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The Coronavirus’ Final Fatality

The opinions expressed by columnists are their own and do not necessarily represent the views of
AP Photo/Evan Vucci

It feels like millions of years ago. But, in fact, it was actually the beginning of this calendar year. It was January 2020 when House Democrats decided to pursue an obviously partisan impeachment attack against the President of the United States, Donald Trump. 


At the same time, nobody was paying attention to what was brewing on the other side of the globe, where tens of thousands of Chinese natives began to die at the behest of the Coronavirus.

Wrapped up by the intrigue of impeachment, a far more pressing matter went largely unnoticed. Well, to be fair, nobody other than Sen. Tom Cotton, who’s perceptiveness on the issue was – upon reflection – startlingly impressive.

The American people saw past the impeachment charade, and President Trump walked out of the ordeal with some of the highest surging poll numbers of his entire presidency. An ironic twist that must’ve had Nancy Pelosi keeled over at the time.

When the House elected to impeach, and the Senate to acquit, the news-cycle was finally ready to discuss the issue that would change our lives forever. The topic that under a year later feels attached to us for eternity. That being, of course, the coronavirus. And so they did.

Like a whirlwind, the country was surrounded by endless coverage of a virus that we all knew was about to hit home. We waited anxiously, until there was no waiting left to be done, and New York was hit, portraying the early picture of the suffering that would plague the rest of the nation.

President Trump, always one eager for a spectacle, capitalized on the hysteria by introducing the coronavirus task force briefings. Every day, the president, flanked by a group of doctors and experts, came out and apprised the nation of his efforts to mitigate the virus. He, additionally, took questions from an increasingly intensified press corps. With Fauci’s numbers joining his own, the president leveraged these briefings, and continued to surge in popularity.


But one day, it all fell apart. The death tolls kept on increasing at rates that could not be justified at the podium. Dysfunction was on display at-large when Governor Andrew Cuomo – with a nation of eyes upon him – put on a rivaling press conference where he disputed the president regularly. The White House briefings turned into shouting matches with the press, and President Trump allowed a gaffe to slip wherein he joked (ineffectively) about injecting bleach into coronavirus patients.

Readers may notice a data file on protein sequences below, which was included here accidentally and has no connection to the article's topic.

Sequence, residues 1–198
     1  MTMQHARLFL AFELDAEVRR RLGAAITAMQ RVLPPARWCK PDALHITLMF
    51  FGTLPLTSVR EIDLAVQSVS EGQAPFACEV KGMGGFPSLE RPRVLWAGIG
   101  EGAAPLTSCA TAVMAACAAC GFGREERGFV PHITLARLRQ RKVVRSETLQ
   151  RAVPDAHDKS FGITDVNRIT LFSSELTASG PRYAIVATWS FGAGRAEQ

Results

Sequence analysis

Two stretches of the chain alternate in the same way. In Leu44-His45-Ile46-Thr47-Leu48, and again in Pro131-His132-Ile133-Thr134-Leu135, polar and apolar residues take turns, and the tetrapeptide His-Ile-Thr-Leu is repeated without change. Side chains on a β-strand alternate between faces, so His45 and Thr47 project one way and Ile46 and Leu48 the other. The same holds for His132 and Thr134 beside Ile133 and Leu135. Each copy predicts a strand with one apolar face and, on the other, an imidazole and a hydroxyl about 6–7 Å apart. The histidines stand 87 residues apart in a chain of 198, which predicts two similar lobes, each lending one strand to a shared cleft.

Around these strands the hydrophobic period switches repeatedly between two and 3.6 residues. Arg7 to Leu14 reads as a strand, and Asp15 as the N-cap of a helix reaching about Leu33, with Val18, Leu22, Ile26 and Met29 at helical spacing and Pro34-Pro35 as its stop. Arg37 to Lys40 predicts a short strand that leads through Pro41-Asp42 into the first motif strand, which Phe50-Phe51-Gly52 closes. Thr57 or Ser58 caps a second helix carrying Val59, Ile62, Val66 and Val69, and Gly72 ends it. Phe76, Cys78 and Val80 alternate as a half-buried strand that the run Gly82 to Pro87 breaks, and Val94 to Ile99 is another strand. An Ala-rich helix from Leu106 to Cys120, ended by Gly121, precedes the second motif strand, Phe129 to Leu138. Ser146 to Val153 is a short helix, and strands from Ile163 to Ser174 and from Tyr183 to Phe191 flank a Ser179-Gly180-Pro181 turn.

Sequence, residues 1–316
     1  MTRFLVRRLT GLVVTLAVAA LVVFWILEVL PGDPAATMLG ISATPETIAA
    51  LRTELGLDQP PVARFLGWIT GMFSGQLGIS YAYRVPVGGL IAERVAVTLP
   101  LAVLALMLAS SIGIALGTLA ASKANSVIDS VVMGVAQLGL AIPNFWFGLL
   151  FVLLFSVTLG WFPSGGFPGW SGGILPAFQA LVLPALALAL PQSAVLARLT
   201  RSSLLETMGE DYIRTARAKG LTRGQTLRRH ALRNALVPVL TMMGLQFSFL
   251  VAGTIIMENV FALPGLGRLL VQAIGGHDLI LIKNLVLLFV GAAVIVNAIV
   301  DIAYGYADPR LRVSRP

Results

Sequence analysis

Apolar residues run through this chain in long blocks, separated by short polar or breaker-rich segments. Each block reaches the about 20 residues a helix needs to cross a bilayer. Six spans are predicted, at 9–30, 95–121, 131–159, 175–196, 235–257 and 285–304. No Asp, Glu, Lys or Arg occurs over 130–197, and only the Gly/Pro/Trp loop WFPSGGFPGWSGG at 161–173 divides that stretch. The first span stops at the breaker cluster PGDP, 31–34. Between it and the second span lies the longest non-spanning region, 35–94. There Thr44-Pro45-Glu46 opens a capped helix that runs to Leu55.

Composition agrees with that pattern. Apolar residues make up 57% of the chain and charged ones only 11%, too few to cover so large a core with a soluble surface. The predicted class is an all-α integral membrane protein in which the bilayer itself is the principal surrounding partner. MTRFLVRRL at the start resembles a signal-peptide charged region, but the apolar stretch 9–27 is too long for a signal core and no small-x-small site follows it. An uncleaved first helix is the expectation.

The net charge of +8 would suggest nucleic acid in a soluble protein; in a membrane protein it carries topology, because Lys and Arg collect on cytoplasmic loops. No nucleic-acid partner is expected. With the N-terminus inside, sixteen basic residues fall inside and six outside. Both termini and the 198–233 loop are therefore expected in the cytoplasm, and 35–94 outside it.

The country had seen enough. In a time where it seemed like everything was on the line, where above all, reassurance and stability was desired to combat the uncertainty of an invisible plague, the coronavirus took its toll on the president’s polling. His numbers began to fall as quickly as they had risen. The gains he made during impeachment quickly vanished. He began to feud with Dr. Fauci whose favorability was going in the opposite direction. And all the while, Joe Biden sat in his basement, promising an America without the hoopla, promising to run the country the way your grandfather would, and giving people hope that one day their lives would return to “normal.”

But even as the country began to understand the coronavirus better, and even after realizing that perhaps it wasn’t the threat we had originally been preparing for, the virus continued (and continues) to take its toll on the most important thing to President Trump’s administration and legacy.


The economy. Long ago, President Clinton reminded us that “it’s the economy, stupid.” Since that political doctrine was spoken, many studies and polls have confirmed that the American people often vote with their wallets. President Trump, at the time of impeachment, seemed to be cruising to re-election on that basis alone. His stock market was breaking records. Minority communities were seeing more income than ever before. The unemployment rate was minimal. And all the while Democrats looked petty and pathetic focusing on the inside-baseball that was a phone call with the Ukrainian president. But when the coronavirus hit, in a matter of weeks, the stock market crashed, businesses were locked up, rioters filled the streets, and the Trump’s planned crescendo of unity through unified success toppled just months before an election.

And from that, the Trump administration could never recover. I’ve written before about how the team Trump employed at the beginning of the pandemic was perhaps the best of his entire presidency. But no press strategy was equipped to handle the challenges presented by the virus, especially when faced with a media rooting for the administration’s failure.

The Trump campaign began to falter and the poll numbers opposite Joe Biden continued to worsen. President Trump outperformed the polls, certainly, but he also underperformed from the vantage of the incumbency. He could never recover from the coronavirus pandemic, perhaps the silver lining for China to whom he was tough on foreign policy. As a result, it appears he will lose his spot in the oval office if litigation fails.


Prior to the election, coronavirus had killed around 200,000 Americans; after the election, the Trump presidency was perhaps Coronavirus’ final fatality.

Elliot Fuchs is a political commentator, consultant, and writer. He is also a student at the Georgetown University Law Center. You can follow him on twitter @Elliot_Fuchs.

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